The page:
From the Right: Cuomo and the Republican Tax Law

From the Right: Cuomo and the Republican Tax Law
George Marlin


Running for governor in 2010, Andrew Cuomo opposed extending New York’s millionaires surcharge tax.

“I was against it at the time,” Cuomo stated, “and I still am. It’s a new tax. It was supposed to sunset. If it doesn’t sunset it’s a tax.”

But in late 2011, Gov. Cuomo changed his tune.

At a meeting I attended as a member of Cuomo’s Council of Economic and Fiscal Advisers, he endorsed the extension of the millionaires tax.

He told us he wanted to prove he could accomplish what the Obama administration at the time was failing to do: Raise income tax rates on the rich.

With the passage of the Republican Tax Reform Act, however, Cuomo appears to be flipping again.

He has denounced New York GOP house members who supported the “diabolical” legislation as “Benedict Arnolds.” And he has accused them of “rape and pillage” for limiting state and local deductions to $10,000.

He and other lefties (i.e., Mayor deBlasio) are weeping and moaning that the hardest hit will be New York’s wealthiest households.

Championing the wealthy? Cuomo et al are a bunch of hypocrites. They are for higher taxes on the rich only when they control the spending of those increased revenues.

The governor, who ran as a centrist in 2010, is proud he has moved to the far left.

He’s bragging that the state will spend $160 billion this year — second to California.

“Yes, California and New York are high-tax states,” he boasted on National Public Radio in late December. “We have governments. We believe in providing social services and free college tuition, et cetera. And that’s a decision our states have made….”

I am appalled that the man, who once said “You are kidding yourself if you think you can be one of the highest-taxed states in the nation, have a reputation for being anti-business—and have a rosy economic future,” is now proud to preside over a high-tax state.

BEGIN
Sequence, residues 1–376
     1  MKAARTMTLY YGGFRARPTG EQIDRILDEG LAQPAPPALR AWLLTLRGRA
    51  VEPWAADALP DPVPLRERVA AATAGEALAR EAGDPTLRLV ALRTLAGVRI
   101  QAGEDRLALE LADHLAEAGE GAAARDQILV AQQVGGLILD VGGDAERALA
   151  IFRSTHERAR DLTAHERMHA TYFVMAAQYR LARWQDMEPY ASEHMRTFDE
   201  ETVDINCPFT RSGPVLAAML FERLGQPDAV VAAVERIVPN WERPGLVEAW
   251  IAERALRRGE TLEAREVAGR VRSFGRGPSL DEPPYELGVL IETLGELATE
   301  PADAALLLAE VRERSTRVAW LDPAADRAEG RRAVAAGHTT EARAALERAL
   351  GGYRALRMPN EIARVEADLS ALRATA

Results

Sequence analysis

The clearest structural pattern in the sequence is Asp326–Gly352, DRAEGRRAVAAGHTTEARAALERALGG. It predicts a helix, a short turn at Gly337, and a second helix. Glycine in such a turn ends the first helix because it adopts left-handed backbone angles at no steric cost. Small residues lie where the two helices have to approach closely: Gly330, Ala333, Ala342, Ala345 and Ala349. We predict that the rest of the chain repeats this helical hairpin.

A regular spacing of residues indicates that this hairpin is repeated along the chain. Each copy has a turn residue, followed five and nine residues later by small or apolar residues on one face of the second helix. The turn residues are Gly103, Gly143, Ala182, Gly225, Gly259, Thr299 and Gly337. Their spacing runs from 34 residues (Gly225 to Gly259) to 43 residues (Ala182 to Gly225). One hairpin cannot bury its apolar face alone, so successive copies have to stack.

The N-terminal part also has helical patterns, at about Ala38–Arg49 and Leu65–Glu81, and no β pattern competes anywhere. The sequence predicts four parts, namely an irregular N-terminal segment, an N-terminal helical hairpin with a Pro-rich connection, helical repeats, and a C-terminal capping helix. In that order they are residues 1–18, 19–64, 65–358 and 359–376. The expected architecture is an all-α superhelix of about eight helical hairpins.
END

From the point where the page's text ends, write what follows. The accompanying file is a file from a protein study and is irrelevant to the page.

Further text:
Contrary to Cuomo’s claims, New York households earning more than $200,000 annually have the highest average SALT deductions in the nation ($84,964), because decisions were made by Albany hacks to placate public-employee unions and radical leftists.

Their tax-and-spend philosophy has not been in the best interest of the general public and explains why 1 million New Yorkers have migrated to other states since 2010.

In late December, Cuomo went completely off the rails.

In a CNBC interview on GOP tax reform, he said, “I’m not even sure what they did is legally constitutional and that’s something we’re looking at now…. You have the constitution, you have the law, you have due process, you have equal protection. You can’t use politics just because the majority controls to override the law.”

The governor’s rant makes no sense. Maybe he has forgotten that the extension of his millionaires tax was imposed by legislative majorities.

To suggest that a uniform tax code that applies to every resident in the nation is discriminating against New Yorkers is absurd.

The governor should read the 1938 U.S. Supreme Court White v. U.S. decision which states, “Every deduction from gross income is allowed as a matter of legislative grace, and only as there is clear provision, therefore, can any particular deduction be allowed, and a taxpayer seeking a deduction must be able to point to an applicable statute and show that he comes within its terms.”

That ruling, which was reaffirmed in 1988, makes it clear that tax deductions are not an inherent right.

The governor also complained, “This is what happens when Washington passes a [tax] bill in the dead of night and doesn’t vet it with the public.”

Cuomo is truly shameless. Lest we forget, his state budgets are approved in the dead of night without legislative vetting, let alone public scrutiny.

It was dark when the Tappan Zee Bridge was renamed the Mario Cuomo Bridge.

I will be paying more in taxes because of the loss of the SALT deduction.

But, I’m not complaining for two reasons: First, over 80 percent of the tax cuts go to working-class families. I agree with Sen. Bernie Sanders’ comments on CNN that the tax cuts for the middle class are a “very good thing.”

Secondly, it is my hope that the loss of the deduction forces New York elected officials at all levels of government to reassess their tax and spend habits. It’s time New York budgets got in line with larger and more prosperous states like Texas and Florida.

If not, Cuomo should not be surprised if many of the 1 percenters, who pay almost half of the state income tax revenues, join the working-class voters who have moved to tax-, regulatory-, and job-friendly states.

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